Anatomy was always one of my favorite subjects in school—it just made sense. I still know the structure of a human cell, I remember the different parts of the ear, and because I’m active, I know the soreness I feel in my muscles is caused by lactic acid fermentation. Lessons from anatomy have proven to be some of the most practical for my everyday life.
Of course, anatomy of the body and anatomy of a knowledge base article are inherently different, but the makeup of their structure results in a very useful and valuable tool for technicians and employees alike. Let’s dive into what comprises a well-written, descriptive, and solid knowledge base article.
Before you even begin writing, there’s a little digging and planning to do to know what
to write. After all, building a knowledge base takes time, so you want to ensure your team is focused on building the most impactful resources.
Use data to guide you. Your service desk reporting
can provide a slew of helpful insights, for example, if specific hardware or software assets are the frequent subject of submitted tickets. What common questions are technicians routinely receiving? (Ahem, looking at you, password reset...) Make a list, check it twice, and start building your knowledge base foundation from there.
Once you identify what answers are sought after most by customers, write out a step-by-step process for how to resolve the issue. Since a wall of text can be daunting to both the technicians creating the solution and the employees reading it, provide visuals—screenshots, videos, gifs—to help guide them through the process. Not everyone has the same learning style, so a combination of written and visual descriptions can help meet those various needs.
Keep keywords in mind. Like a search engine, a modern knowledge base should be easy to search and help guide users to the most applicable solution in as few clicks as possible. Provide links to other relevant solutions articles or resources in case the first one a user lands on isn’t an exact match for their issue.
IT Pro Tip: Think like a user when creating knowledge base articles. How would your user describe the issue? Likely without the typical technical jargon those of us in IT are accustomed to. If there’s a nickname for a particular software feature, include it. The goal is to make it easy to users to find and understand the solution, so they can resolve it on their own.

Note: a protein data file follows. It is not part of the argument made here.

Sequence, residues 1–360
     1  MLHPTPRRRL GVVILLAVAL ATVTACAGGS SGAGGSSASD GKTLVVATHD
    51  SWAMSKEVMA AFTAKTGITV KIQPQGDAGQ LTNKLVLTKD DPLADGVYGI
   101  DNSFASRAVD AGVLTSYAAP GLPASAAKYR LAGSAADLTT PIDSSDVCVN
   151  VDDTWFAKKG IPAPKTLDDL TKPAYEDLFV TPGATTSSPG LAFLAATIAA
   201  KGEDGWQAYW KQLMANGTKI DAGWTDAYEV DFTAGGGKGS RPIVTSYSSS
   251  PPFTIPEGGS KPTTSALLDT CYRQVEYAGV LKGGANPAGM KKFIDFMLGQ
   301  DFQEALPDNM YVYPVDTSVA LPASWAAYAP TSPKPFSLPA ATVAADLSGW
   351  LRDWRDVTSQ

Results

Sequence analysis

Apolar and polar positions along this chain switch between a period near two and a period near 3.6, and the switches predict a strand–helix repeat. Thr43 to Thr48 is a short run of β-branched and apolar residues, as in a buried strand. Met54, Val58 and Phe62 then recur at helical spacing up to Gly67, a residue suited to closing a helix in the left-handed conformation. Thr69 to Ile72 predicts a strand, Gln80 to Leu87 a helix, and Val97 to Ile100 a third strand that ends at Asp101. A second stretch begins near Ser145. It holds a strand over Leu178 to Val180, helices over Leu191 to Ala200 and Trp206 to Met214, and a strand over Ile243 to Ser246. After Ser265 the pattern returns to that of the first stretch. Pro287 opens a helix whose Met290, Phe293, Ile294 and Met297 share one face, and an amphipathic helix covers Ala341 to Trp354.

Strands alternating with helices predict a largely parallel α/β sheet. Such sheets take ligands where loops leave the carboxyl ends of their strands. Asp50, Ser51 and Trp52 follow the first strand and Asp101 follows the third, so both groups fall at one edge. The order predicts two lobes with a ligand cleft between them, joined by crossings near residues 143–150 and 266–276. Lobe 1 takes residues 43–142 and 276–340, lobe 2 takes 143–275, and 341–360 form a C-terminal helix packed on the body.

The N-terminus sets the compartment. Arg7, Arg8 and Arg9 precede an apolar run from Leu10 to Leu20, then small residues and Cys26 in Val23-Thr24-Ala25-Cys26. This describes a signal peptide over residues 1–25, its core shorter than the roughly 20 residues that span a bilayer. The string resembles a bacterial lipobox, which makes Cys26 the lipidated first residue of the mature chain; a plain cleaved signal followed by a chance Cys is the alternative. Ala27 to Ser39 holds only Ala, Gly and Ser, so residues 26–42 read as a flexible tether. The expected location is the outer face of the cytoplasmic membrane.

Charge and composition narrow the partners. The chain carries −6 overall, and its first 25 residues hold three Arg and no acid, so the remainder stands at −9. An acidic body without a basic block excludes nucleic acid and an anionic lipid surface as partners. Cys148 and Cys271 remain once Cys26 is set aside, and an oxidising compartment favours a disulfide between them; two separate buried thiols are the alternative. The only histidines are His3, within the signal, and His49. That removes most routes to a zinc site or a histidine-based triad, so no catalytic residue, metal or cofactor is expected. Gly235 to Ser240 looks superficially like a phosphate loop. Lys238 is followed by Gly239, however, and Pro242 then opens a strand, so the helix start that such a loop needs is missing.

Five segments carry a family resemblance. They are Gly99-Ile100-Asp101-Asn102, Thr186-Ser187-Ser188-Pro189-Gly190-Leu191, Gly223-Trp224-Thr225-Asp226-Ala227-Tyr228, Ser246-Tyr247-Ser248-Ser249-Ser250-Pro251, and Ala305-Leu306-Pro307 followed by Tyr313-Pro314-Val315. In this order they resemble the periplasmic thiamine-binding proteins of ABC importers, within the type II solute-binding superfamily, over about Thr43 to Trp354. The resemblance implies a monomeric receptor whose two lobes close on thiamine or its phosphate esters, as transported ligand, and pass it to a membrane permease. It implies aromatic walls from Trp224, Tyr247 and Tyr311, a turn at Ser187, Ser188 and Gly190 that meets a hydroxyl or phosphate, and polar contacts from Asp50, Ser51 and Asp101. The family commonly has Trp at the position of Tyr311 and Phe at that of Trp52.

Keep in mind, you don’t have to start completely from scratch. With a modern ITSM solution
, technicians can convert a ticket resolution into a knowledge base article with a single click. This can be an easy way to start building up your repository of solutions as you go.
Worried about quality control? A review process can be automatically baked in. Once a technician converts a resolution to a solution article, it’s automatically set to draft mode, so it can be reviewed before ultimately approving it for internal and/or external use in the service portal
Once the solution has been vetted and approved, it’s time to put it to use. Since you’ve created the solution with the user in mind, the solutions should be easy to find via the search bar in the portal. You can also prioritize your most common or time-sensitive (say, you’ve recently shifted to a remote workforce) solutions on the portal home page, so users don’t even have to search.
Technicians can also benefit from an ever-expanding knowledge base
by easily attaching solutions to tickets with a single click. Over time, a service desk that incorporates smart technology like artificial intelligence and machine learning can recommend the most relevant solutions to technicians and employees. Close the loop with users at the end of your solutions articles by prompting them to visit the service desk if they still need assistance.
While it’s an ongoing process, there are ways IT teams can simplify knowledge management
. Review articles often, and when needed, make note of when articles are updated, so users know they’re getting the most up-to-date information. As the business evolves, so will the knowledge management strategy.